Tuesday, April 15, 2014

Inspiring Practice: Dealing with Short Attention Spans

As a violin teacher, I've had many parents fret over their child's reluctance to practice. They know that practice is essential to learning music, but their children just don't want to practice by themselves, or maybe aren't doing it correctly. Parents start to feel frustrated and impatient, which makes the few practice sessions they do coerce their children into become fraught with tension and disappointment. This makes the children even more reluctant to practice, creating a vicious cycle!

For parents to inspire practice, not merely demand it or force it, they must break this negative cycle. The first step is to understand what type of practice is appropriate for their child's age and musical level. The younger the child, the shorter their attention span. It's unrealistic to expect a five year old to focus on one musical activity for longer than a few minutes. In my lessons, I frequently vary the musical activities to keep young children engaged. Here's list of fifteen different activities I might have a student do in a lesson:

1. Hold their violin while keeping their eyes focused on a sticker while I count to ten. If the child keeps their eyes on the sticker, they get to keep it! (You can use an M&M or a piece of skittles instead of a sticker).

2. Practice doing an "elevator" with the bow.

3. Use flashclass or another app on the iPad to practice reading our notes.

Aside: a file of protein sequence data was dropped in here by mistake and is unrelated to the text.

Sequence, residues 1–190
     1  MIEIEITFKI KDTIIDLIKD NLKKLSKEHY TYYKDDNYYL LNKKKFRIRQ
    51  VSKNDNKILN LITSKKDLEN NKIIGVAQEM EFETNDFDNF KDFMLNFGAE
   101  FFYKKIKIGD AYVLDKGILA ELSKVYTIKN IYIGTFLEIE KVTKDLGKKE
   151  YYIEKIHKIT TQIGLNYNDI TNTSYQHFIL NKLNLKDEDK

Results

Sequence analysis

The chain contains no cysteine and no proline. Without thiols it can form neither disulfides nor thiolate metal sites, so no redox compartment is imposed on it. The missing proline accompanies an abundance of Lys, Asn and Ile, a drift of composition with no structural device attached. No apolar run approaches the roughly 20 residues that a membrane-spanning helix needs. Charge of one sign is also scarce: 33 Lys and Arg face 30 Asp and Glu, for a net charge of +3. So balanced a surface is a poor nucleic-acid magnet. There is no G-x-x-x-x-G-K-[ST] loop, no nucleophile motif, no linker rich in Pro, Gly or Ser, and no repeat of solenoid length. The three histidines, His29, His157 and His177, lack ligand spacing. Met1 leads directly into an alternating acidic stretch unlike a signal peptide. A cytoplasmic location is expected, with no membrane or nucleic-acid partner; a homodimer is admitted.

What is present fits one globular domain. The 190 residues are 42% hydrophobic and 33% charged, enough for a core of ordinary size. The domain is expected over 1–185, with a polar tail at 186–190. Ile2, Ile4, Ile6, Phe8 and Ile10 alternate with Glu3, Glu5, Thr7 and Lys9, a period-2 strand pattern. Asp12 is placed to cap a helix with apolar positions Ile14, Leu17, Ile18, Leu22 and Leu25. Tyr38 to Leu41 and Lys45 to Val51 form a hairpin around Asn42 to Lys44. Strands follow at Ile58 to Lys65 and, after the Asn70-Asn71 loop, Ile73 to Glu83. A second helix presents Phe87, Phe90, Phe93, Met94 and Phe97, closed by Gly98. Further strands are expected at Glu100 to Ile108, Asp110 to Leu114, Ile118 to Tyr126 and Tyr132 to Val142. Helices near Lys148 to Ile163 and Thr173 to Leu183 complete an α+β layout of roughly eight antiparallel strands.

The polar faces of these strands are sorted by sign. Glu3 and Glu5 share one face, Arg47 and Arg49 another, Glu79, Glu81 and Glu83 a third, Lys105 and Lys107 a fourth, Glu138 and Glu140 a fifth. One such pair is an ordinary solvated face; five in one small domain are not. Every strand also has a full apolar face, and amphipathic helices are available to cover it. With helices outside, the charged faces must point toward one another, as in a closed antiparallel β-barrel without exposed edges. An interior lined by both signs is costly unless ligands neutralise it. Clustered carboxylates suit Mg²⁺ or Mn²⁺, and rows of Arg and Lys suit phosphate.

4. Watch a video of the music being played on youtube (or watch the DVD from a book like the Pascale Method).

5. Listen to a recording or listen to the teacher playing the music.

6. Sing through the music on the note names.

7. Play the music pizzicato

8. "Air bow" the music.

9. Practice the rhythm of the music on the open strings.

10. Play through the music slowly (very slowly!).

11. Talk about what the music sounds like, or means to the student.

12. Play the music while focusing on how the bow feels on the string.

13. Play the music while focusing on how the whole steps and half steps feel in the left hand.

14. Imagine what kind of story the music might tell us.

15. Try to play the music as though we are using it to tell a story or express its emotion.

16. Regularly review earlier music and exercises!

As you can see, there are lots of ways a student can practice, and some of these ways might be far easier to do at home than others. For example, having your student watch a youtube performance of their piece might be more approachable for a beginning violin student than playing a piece of music by memory without their teacher present. Starting with easier practice activities makes practice more approachable and keeps students from feeling overwhelmed and parents from getting frustrated. As students progress, they'll become more comfortable playing through pieces, but in the beginning it's perfectly fine to keep things simple.

So how do you deal with young students' short attention spans? Keep things simple at first, with activities like watching videos, listening practice, or singing. Beginner practice should have lots of different short activities, instead of laboring over one long or intense piece. Keep your expectations realistic--try to practice everyday, but for only a few minutes at a time. If something's too hard, or your child is getting overwhelmed, take a step back and review an earlier piece or exercise. For more ideas on inspiring practice, see my previous post.

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